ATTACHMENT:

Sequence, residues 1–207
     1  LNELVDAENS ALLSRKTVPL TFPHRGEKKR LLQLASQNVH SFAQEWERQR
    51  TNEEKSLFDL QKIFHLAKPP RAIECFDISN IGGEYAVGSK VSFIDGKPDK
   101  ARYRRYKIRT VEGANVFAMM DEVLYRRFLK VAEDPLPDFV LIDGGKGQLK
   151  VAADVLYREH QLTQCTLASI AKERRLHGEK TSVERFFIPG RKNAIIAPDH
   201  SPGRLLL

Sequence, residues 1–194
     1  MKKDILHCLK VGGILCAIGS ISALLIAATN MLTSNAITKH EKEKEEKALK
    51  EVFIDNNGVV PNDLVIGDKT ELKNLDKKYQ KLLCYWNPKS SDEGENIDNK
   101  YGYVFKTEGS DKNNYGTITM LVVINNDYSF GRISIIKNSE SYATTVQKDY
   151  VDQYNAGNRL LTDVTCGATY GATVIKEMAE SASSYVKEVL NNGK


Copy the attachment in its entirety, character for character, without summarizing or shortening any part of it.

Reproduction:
Sequence, residues 1–207
     1  LNELVDAENS ALLSRKTVPL TFPHRGEKKR LLQLASQNVH SFAQEWERQR
    51  TNEEKSLFDL QKIFHLAKPP RAIECFDISN IGGEYAVGSK VSFIDGKPDK
   101  ARYRRYKIRT VEGANVFAMM DEVLYRRFLK VAEDPLPDFV LIDGGKGQLK
   151  VAADVLYREH QLTQCTLASI AKERRLHGEK TSVERFFIPG RKNAIIAPDH
   201  SPGRLLL

Sequence, residues 1–194
     1  MKKDILHCLK VGGILCAIGS ISALLIAATN MLTSNAITKH EKEKEEKALK
    51  EVFIDNNGVV PNDLVIGDKT ELKNLDKKYQ KLLCYWNPKS SDEGENIDNK
   101  YGYVFKTEGS DKNNYGTITM LVVINNDYSF GRISIIKNSE SYATTVQKDY
   151  VDQYNAGNRL LTDVTCGATY GATVIKEMAE SASSYVKEVL NNGK